WASHINGTON. US stocks’ recent bullish ride, coming on the heels of disastrous May trading action, certainly looked like we were in for a refreshing break. The bears had at least stepped to the sidelines, the latest Mexico tariff threat came and went (for now) quite quickly, and all seemed right with the world. Even our old reliable McClellan Oscillator finally popped above the zero line for the first time since… whenever. Meaning it might be safe to start buying stocks again.
Mr Market gets confusing. Again
After a feebly bullish open Tuesday morning, all three major averages quickly faded approaching the noon hour. Now, they’re in marginally negative territory. As in roughly 0.15 down.
In other words, it looks like US markets still want to remain trapped in May’s sticky La Brea Tarpits. That’s where they were in May. They kept company weeks with assorted extinct dinosaur fossil remains, oblivious to the weeping and gnashing of bullish teeth across the country.
Market-wise, CNBC provides some useful particulars on Tuesday’s Sad Sack midday market action. The headline blames President Trump. But the current iteration of the network’s online report has no mention of the White House.
“Stocks gave back most of their gains on Tuesday as tech shares retraced a rally from earlier in the day.
“The Nasdaq Composite traded just below the flatline, erasing a surge of more than 1%. The Dow Jones Industrial Average was up just 18 points after rallying more than 150 points while the S&P 500 traded just above breakeven.
“The S&P 500 technology sector was down 0.2%, giving back a gain of 1.1%. Advanced Micro Devices and Symantec led tech’s decline, sliding more than 3% each.
“But the Dow remained poised to notch its seventh straight gain. That would mark the 30-stock index’s longest winning streak since May 2018, when it rose for eight straight days. Meanwhile, the S&P 500 is within 2% below an all-time high set in April.
“‘At this point, a failure to break out to new highs would be viewed as negative. The month is only a week and a half old, but we’ve got a head of steam now. We’re seeing evidence of more individual stocks in the S&P 500 making new highs. There’s a bit of an expectations the S&P 500 might be able to test those levels we saw in April,’ said Willie Delwiche, investment strategist at Baird.”
Well, unless we find something to juice this market Tuesday afternoon, Willie might just want to walk that observation back.
McClellan Oscillator looking good. But not too fast, there…
Granted, for us at least, Monday’s closing read of the McClellan Oscillator shows it’s trying to break above this year’s earlier high point, which would be a bullish sign indeed. Particularly for investors who really want to Make America Great Again. A Greatness that includes their recently pancaked portfolios.
But until we can see the Oscillator – and the averages – break out from this past spring’s high water mark; and until we can see the averages themselves break out and above their April highs without skittering right back down, the current, weirdly aimless trading pattern promises to continue.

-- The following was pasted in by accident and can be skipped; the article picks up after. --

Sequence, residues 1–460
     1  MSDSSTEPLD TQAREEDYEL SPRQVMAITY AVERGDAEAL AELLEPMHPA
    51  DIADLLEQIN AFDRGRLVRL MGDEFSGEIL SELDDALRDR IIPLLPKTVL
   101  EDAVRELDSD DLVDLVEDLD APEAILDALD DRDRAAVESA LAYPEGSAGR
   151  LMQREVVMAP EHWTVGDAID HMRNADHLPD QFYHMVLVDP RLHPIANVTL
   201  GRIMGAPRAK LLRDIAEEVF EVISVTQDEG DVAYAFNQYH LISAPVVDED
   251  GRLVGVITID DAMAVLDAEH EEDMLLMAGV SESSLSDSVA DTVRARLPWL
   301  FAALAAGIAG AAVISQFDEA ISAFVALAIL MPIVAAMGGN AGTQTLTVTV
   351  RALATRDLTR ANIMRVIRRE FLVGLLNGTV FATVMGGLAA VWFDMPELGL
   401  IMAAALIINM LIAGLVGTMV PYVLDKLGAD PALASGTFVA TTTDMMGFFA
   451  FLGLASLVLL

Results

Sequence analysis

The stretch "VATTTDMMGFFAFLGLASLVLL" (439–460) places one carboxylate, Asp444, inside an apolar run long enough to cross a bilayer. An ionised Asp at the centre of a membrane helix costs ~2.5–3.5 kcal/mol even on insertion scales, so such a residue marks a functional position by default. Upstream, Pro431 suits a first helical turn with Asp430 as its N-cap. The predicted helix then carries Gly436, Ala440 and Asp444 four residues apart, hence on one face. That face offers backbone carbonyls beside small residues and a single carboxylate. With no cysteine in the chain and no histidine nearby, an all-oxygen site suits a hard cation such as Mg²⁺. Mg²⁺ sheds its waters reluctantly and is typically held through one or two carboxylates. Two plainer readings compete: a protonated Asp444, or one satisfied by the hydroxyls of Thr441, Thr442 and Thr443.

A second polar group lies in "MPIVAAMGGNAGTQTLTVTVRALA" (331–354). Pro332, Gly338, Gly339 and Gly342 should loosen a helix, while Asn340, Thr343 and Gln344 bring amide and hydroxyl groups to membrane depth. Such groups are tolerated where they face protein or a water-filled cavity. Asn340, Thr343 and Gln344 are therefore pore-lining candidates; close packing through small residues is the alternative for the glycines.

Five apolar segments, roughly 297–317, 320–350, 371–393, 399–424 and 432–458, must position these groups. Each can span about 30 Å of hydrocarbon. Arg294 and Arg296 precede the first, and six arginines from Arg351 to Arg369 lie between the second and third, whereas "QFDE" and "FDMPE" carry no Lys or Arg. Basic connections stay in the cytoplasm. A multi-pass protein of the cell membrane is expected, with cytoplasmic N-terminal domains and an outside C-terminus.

More woes for Allergan
Investor tendency remains wedded to the now familiar mantra of sell, sell, sell. That’s what’s kept the McClellan Oscillator below the 0 point flatline for many weeks. And that attitude also seems typical of our big holding in the cursed pharmaceutical stock known as Allergan (trading symbol: AGN). After a surprise rally last week off its most recent lows, the stock has returned to its previous 2019 pattern of retracing all its recent gains in a search for yet another new yearly low. All on low volume.
Whenever this sad (and badly mismanaged) puppy gains a few points, it seems we always find a few more holders that view this positive action as their cue to head for the exits. Bulls rush in. Occasionally. But any bullishness gets quickly extinguished by another relentless, low-volume wave of selling.
It’s as if investors are finally saying, as one, “Oh, good. A rally. Time for me to get completely out now. Otherwise, I’ll be the last sap left holding the bag and getting ready to turn the lights out.” After tickling the $130 per share mark just a few days ago, AGN is losing once again, down roughly 3 points as we write this, for a roughly 2.5 percent loss.
When I look at management’s consistent record of failure here, I wonder anew whether it’s only stupid people and bad managers who make the big bucks. (Ditto with the politicians on Capitol Hill.) Allergan’s current management team seems to confirm my observations.
Bitch, bitch, bitch. It is what it is. But I hate to blunder into a big mistake like Allergan. One that can taint my overall returns over a 1-3 years period. But sometimes that’s what Mr Market hands out.
Back tomorrow. As for today, who knows where our bouncing ball market averages will end up? Or when (and if) the McClellan Oscillator will hit new highs in the green zone.
Logic does not prevail these days.
– Headline image: Bull and bear. Public domain image via Pixabay.com.